Sign In

Quick Launch

TxSpot | School-Based Therapy > Blog > Posts > To Consult or Not to Consult: That is the Question.
November 10
To Consult or Not to Consult: That is the Question.

Direct vs Indirect services.jpg

 ​To Consult or Not to Consult: That is the Question.

Direct versus indirect services. Which should I do?

 by Janine Calmes, PT, MS

 
TxSpot has received many questions about direct services versus consultation services. First, it may be helpful to understand that neither the state of Texas nor the Individuals with Disabilities Act (IDEA) use the term, “consultation.”
IDEA regulations state that a student’s IEP must contain a statement of “special education and related services and supplementary aids and services…to be provided to the child, on behalf of the child, and…(through) program modifications and supports” (IDEA Regulations, Part B, Section 300.230, italics added).
The Texas Education Agency (TEA) uses the terms, “direct” and “indirect” to describe services. The TEA describes these two terms as follows:
Direct services usually refer to hands-on, face-to-face interactions between the related services professional and the student. These interactions can take place in a variety of settings, such as the classroom, gym, health office, resource room, counseling office, or playground. Typically, the related service professional analyzes student responses and uses specific techniques to develop or improve particular skills.
Indirect services may involve teaching, consulting with, and/or directly supervising other personnel (including paraprofessionals and parents) so that they can carry out therapeutically-appropriate activities. …. (For example), a physical therapist may serve as a consultant to a teacher and provide expertise to solve problems regarding a student's access to instruction.
Although the TEA defined direct and indirect services in their 2009 FAQ, the terms were not meant to be mutually exclusive since they describe methodologies that may both be needed to best meet the student’s ongoing needs. Defining and limiting the methodologic approach can result in unnecessary inflexibility that is unresponsive to student needs.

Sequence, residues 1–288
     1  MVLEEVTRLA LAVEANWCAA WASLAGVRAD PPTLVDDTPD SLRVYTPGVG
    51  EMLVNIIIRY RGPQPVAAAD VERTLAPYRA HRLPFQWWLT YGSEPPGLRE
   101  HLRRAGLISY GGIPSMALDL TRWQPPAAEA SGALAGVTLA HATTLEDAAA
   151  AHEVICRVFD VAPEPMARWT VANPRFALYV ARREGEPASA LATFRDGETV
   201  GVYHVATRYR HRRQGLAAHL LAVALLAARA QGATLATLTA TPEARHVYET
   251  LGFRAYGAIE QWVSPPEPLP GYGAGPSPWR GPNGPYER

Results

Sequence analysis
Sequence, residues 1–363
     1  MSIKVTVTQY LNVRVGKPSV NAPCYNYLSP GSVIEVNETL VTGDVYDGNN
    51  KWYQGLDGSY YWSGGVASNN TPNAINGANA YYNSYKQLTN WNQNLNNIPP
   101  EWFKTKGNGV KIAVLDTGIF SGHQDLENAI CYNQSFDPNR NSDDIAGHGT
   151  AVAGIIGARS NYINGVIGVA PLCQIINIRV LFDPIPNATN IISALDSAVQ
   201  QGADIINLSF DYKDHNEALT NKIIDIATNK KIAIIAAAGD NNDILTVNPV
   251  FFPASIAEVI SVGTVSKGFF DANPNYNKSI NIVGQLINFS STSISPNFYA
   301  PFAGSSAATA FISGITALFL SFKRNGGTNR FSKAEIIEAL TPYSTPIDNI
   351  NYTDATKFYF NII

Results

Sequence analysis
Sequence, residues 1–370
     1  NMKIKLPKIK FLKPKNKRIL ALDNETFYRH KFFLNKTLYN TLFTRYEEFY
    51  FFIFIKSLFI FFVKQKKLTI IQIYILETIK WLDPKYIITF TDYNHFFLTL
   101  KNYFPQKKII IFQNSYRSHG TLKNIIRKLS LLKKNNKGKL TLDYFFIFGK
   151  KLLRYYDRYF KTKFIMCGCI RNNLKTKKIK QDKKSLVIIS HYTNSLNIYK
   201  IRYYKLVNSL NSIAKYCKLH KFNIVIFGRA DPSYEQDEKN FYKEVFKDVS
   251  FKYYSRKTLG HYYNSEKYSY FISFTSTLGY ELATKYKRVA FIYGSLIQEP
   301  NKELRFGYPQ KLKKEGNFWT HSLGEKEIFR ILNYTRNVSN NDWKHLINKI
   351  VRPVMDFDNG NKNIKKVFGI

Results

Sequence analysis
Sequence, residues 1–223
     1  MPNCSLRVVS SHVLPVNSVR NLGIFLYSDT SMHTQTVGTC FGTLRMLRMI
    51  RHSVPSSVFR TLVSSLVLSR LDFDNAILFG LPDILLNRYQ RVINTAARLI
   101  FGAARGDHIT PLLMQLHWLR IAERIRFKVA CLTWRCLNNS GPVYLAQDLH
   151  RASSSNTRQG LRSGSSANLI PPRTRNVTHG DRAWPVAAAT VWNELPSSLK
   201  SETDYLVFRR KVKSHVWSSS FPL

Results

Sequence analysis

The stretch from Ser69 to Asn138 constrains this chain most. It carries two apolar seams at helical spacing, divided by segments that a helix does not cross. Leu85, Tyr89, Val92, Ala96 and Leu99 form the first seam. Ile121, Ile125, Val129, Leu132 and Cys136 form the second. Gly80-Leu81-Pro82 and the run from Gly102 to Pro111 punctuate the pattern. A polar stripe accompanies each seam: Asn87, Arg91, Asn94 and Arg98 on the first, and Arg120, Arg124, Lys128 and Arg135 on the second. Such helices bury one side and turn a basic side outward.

Instead of defining the treatment approach as either direct or indirect, the evidence supports a blended approach, sometimes called an integrated service model. This model stresses the importance of working in context: interventions are applied in the environment and to the task or activity where the student’s needs occur. Integrated services include both direct and indirect services embedded into the natural environment where the participation or performance issue occurs.
 Unfortunately, some IEP management software is designed using a drop-down menu that requires a forced choice of direct OR indirect. If so, there is sometimes a “work around” that will allow designation of a blended approach.
Further complicating the matter is Medicaid reimbursement for services. Medicaid only reimburses for direct service, that is, for service when the student is directly involved. For example, time spent consulting or training staff or developing or modifying the adaptive equipment is billable ONLY when the student actively takes part in the activity.
There are times when the therapist may be pressured to provide only direct services. However, IDEA indicates that the treatment approach is to be determined by the IEP committee based on individual student needs. It should not be influenced by software limitations, the student location (e.g. - school vs. homebound) or reimbursement rules (Medicaid). It must be recognized that both direct and indirect services are important in contributing to successful student outcomes and should be included as part of integrated IEP service time. 
Some school districts support the concept of “classroom support” in which generalized support or consultation is offered to the teacher and other classroom personnel to provide non-individualized strategies that apply to any student in the class. An example would be an occupational therapist who describes the strategy of using a short pencil or broken crayon to help students develop a tripod grasp for handwriting. This is a general strategy that would be applicable to any or all students in the class.  This type of generalized support does not need to be included as part of IEP service time.
So, to the question, “Direct versus indirect services: Which should I do?” the answer is…Both!